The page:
Government Affairs Update | May 26, 2017
May 26, 2017
Government Affairs Update | May 26, 2017
FENNEMORE CRAIG | NEVADA LEGISLATIVE REPORT
Happy Friday! We here in Carson City have just wrapped up the second to last full week of the legislative session. With the session winding down this week, tempers got short, deals came together and fell apart, and legislation moved through the process. There appears to be the beginning of a closing deal regarding the embattled Education Savings Account (ESA) program and minimum wage to give Governor Brian Sandoval (R) and legislative Democrats respective wins. Tonight is the last day for bills which have not received a deadline exemption to pass off of the floor in the second house. All measures which have not passed this hurdle will be considered dead at midnight (though as of this writing, the Assembly started its work day at 8:37PM). Bills can be exempted from deadlines by leadership, or be sent to a money committee for further discussion if their adoption would have a fiscal impact. In conjunction with this newsletter, you will receive a report on all bill activity that has taken place so far. We will not be sending a weekly newsletter next week in this same format; rather, you will receive a complete session recap within a week of Sine Die. If you have any questions about the process or how to get involved, please feel free to contact any of our team members in Carson City.
Carson City Team:
END OF SESSION PROCEDURES
As the number of days remaining before Sine Die begin to wane, there are several nuanced vehicles for legislation to be introduced and moved through the process that we did not see utilized frequently earlier in the session.
One crucial weapon in party leadership’s arsenal is the introduction of emergency measures. These bills can be brought forward and passed at any time up until midnight on June 5th to revive legislation that has died or to introduce partisan priorities for the placation of the political base. The Majority Leader of the Senate and Speaker of the Assembly are each allocated ten emergency measures, and the Minority Leaders of the Senate and Assembly are both allocated three.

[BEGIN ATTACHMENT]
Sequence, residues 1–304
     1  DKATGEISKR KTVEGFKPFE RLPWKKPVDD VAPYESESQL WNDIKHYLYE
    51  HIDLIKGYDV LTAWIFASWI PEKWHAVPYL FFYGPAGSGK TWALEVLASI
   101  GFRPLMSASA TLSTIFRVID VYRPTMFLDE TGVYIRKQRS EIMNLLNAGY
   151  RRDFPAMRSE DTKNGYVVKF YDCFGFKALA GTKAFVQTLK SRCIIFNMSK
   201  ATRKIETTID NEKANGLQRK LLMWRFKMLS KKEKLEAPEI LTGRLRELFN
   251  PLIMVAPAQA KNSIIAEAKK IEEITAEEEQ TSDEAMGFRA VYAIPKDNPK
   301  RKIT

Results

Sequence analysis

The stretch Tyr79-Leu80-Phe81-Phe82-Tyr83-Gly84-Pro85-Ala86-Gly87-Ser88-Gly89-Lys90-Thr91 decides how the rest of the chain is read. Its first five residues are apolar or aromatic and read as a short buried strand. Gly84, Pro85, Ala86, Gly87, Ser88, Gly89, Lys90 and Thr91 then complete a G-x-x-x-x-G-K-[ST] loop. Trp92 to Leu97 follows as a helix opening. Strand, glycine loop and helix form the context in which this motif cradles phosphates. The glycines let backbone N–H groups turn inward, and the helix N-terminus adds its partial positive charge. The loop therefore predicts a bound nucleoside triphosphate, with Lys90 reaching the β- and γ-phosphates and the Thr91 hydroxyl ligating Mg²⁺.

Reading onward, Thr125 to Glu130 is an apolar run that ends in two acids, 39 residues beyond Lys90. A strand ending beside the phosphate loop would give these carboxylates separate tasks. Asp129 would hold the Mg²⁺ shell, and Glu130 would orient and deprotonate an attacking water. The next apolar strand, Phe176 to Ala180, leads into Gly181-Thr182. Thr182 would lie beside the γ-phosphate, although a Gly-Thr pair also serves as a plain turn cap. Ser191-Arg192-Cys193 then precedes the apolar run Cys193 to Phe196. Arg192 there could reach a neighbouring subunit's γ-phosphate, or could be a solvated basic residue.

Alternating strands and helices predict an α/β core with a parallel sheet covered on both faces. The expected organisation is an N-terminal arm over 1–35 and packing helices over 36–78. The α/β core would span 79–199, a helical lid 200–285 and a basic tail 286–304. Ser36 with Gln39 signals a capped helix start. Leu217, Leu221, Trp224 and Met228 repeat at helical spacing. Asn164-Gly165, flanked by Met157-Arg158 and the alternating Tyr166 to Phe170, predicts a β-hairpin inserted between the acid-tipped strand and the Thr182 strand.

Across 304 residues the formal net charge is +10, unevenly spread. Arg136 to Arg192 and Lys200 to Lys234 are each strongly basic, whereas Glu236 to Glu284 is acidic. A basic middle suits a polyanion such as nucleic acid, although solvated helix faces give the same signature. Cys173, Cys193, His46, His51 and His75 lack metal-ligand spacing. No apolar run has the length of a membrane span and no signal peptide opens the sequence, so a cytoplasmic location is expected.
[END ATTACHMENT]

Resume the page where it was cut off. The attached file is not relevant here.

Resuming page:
To Concur or Not to Concur?
When a bill is amended by the second house, that amendment must be agreed upon by the first house. The first house has the option to “concur” with the amendment, in which case the bill continues on to the Governor, or to “not concur”. The amending house will then have the option to “recede” or “not recede” in the event that the houses do not agree, the bill goes to a Conference Committee. Three members per house are appointed to serve on each Conference Committee, two of whom voted in favor of the bill. These legislators then discuss but are not limited to resolving the differences between the amendments. At this stage in the process, each bill under question is completely opened for the addition of new amendments. As a result, the bill that comes out of conference committee can look very different from the bill that went in.
The Power of the Pen
The ultimate up or down vote for the bulk of the legislation this session will come from the Governor’s office. As of this moment, Governor Brian Sandoval (R) has vetoed more bills than he did in the entire 2015 session. And the trend is only expected to continue. Sandoval remains in negotiation with Senate and Assembly Democrats in the hopes that his agenda will be enacted. His office has indicated that the fate of several key Democratic pieces could hinge on the success of the Republican priorities such as ESAs.